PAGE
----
Salmon, Bacon, Brussel Sprouts & Asparagus in Cheese Sauce


This is a rich but healthy dish that’s dead easy to make.

Ingredients (as always, use the best quality ingredients):

  • Salmon steaks cut into square inch size pieces (or leave whole if you prefer)
  • Bacon
  • Leek
  • Couple of spring or pickling onions
  • Brussel Sprouts
  • Asparagus
  • Bunch of English Spinach
  • Cheddar and parmesan cheese, grated
  • Sour cream
  • White wine
  • Fennel, rosemary, Italian herbs
  • seasoning


I haven’t given quantities since this is a very flexible dish. You can use fish of your choice, or chicken or pork, or go vegetarian. I used cooked salmon left over from the previous day

  1. Halve the onions, chop up the leek (discard outer shell and rinse the rest well) and cut up the bacon into pieces. Sautee them together in a pan for about 10 minutes.
  2. While that’s happening, steam the Brussel sprouts for about 7-8 minutes.
  3. Cut the asparagus into lengths of your choice
  4. Take the sprouts off the stove
  5. Turn on the oven (170)
  6. Add a cup of white wine to the pan with the onions, leek and bacon, on low heat, then add sour 3 – 4 tablespoons of sour cream and fold it into the mix.
  7. Add the herbs and the seasoning
  8. Transfer the mix from the pan into a casserole dish, add salmon and asparagus.
  9. Mix it up and add a layer of grated cheese to the top, then transfer to the oven
  10. Bake for 12 -15 minutes
  11. While that’s happening, wash the spinach and saute it for a couple of minutes in butter. Serve as a side dish or add it to the main dish for colour

You can either go for a cheesy crust here, as long as you’re careful you don’t burn it, or you can aim for a creamy, cheesy mix as I did. You can serve it on its own or with some pasta.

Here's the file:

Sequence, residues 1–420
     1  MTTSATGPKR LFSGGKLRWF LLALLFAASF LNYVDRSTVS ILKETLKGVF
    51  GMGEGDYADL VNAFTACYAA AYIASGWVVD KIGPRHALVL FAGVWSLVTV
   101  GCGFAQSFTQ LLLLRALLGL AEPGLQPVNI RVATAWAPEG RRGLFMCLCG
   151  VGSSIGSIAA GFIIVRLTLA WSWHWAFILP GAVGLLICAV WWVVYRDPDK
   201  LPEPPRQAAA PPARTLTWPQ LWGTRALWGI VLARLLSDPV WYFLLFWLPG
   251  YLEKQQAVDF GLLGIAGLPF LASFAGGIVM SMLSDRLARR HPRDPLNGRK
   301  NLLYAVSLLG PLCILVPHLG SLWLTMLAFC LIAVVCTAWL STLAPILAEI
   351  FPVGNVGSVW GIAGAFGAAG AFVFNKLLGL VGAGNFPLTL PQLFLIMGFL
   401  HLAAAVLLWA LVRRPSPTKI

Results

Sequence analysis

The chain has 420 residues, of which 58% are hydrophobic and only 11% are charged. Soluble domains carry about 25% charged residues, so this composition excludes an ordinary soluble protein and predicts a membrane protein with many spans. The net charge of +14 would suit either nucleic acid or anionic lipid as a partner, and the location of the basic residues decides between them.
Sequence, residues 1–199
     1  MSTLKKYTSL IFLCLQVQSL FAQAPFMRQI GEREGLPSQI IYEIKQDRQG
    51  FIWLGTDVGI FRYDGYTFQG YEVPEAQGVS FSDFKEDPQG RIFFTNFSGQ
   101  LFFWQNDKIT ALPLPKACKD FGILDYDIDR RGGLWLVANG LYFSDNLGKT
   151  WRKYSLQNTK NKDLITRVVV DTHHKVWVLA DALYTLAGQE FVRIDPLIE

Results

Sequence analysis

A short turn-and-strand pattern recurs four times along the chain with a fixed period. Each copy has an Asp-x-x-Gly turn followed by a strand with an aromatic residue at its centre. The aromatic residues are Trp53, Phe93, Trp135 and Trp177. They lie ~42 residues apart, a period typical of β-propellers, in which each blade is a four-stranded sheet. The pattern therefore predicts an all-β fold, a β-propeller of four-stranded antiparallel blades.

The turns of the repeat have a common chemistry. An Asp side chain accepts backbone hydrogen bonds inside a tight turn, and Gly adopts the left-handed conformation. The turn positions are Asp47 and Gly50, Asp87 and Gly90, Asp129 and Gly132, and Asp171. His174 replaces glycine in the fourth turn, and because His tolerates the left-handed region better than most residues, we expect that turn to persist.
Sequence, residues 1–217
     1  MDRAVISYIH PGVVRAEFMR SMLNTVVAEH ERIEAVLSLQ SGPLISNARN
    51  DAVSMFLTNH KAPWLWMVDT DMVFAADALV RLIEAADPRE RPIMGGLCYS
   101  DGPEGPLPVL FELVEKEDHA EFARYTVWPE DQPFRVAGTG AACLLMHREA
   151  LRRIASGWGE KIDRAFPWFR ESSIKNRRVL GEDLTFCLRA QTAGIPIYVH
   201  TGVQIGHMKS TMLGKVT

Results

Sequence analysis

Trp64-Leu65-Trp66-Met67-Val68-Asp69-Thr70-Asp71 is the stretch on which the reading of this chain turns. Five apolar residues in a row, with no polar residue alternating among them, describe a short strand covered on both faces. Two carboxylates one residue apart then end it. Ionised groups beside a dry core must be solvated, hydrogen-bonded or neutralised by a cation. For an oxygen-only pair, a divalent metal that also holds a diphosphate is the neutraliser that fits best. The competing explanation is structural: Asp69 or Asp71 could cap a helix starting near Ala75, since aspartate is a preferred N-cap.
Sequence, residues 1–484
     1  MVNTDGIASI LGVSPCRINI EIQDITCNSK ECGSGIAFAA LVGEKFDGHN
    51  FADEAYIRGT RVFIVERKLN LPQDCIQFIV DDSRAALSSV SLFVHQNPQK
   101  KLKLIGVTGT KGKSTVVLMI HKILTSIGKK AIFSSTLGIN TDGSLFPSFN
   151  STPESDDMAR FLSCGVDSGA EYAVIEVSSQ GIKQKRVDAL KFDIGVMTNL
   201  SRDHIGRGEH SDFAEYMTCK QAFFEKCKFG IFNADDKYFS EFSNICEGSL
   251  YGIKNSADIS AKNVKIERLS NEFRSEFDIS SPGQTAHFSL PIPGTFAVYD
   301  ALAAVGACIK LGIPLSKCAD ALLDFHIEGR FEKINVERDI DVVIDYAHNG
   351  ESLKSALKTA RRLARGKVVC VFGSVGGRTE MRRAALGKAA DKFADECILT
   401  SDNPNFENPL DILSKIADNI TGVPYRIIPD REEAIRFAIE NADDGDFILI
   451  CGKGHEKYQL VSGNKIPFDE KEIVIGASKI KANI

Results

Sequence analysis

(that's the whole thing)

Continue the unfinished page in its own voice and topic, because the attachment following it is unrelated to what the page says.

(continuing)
Salmon with Spinach & Fettuccine


This is a really simple dish that came about as a result of some left-over salmon pieces. They were too big for one sitting so we put the excess in the fridge. The rest is pretty easy. As usual I forgot to take a picture but it looks vaguely like this (I’ll replace the pic next time I cook the dish).


  • Left over Salmon pieces, about an inch cubed or bigger
  • A little garlic
  • Generous amount of spring onions or big shallots (add asparagus if you want more greens)
  • Bunch English spinach
  • Fettucine
  • Seasoning
  • Italian herbs
  • Sacla pesto or sauce
  • White wine
  • Olive oil
  • butter


  • Cook the fettucine – I cook it for 10 mins but you may prefer it more al dente
  • Wash the spinach, chop into biggish pieces, fry in a bit of butter for a few minutes
  • Drain the pasta, put the spinach in a dish and keep it warm

You can start on the next steps while the pasta is cooking (I’d get the spinach out of the way though), or you can start after the spinach is keeping warm and the pasta is drained.

Chop up garlic, spring onions / shallots / asparagus and fry them for 5 – 10 minutes in olive oil.

Add a dash of white wine and a few spoons of Sacla pesto / sauce.

Stir for a couple of minutes, then add seasoning and Italian herbs (Masterfoods, dried)

Add the pasta, stir some more, add more wine if needed (we just want a nice coating on everything)

Add cold salmon pieces, stir some more to warm them up

Transfer to a serving dish and gently fold the spinach into the dish

Simple, isn’t? I like a little grated parmesan on any pasta dish but that’s just me. I once ended up in an argument with the chef in an Italian restaurant who told me that was not the done thing.